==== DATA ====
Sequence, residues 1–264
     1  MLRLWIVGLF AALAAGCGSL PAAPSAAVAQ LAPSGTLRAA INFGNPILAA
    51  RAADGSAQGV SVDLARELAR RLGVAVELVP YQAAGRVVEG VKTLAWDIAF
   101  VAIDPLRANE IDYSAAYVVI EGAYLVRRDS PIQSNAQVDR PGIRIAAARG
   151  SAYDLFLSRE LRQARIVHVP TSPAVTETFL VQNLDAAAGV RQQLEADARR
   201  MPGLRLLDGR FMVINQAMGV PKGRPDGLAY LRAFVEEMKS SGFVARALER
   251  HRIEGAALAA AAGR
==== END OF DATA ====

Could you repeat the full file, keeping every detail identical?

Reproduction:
Sequence, residues 1–264
     1  MLRLWIVGLF AALAAGCGSL PAAPSAAVAQ LAPSGTLRAA INFGNPILAA
    51  RAADGSAQGV SVDLARELAR RLGVAVELVP YQAAGRVVEG VKTLAWDIAF
   101  VAIDPLRANE IDYSAAYVVI EGAYLVRRDS PIQSNAQVDR PGIRIAAARG
   151  SAYDLFLSRE LRQARIVHVP TSPAVTETFL VQNLDAAAGV RQQLEADARR
   201  MPGLRLLDGR FMVINQAMGV PKGRPDGLAY LRAFVEEMKS SGFVARALER
   251  HRIEGAALAA AAGR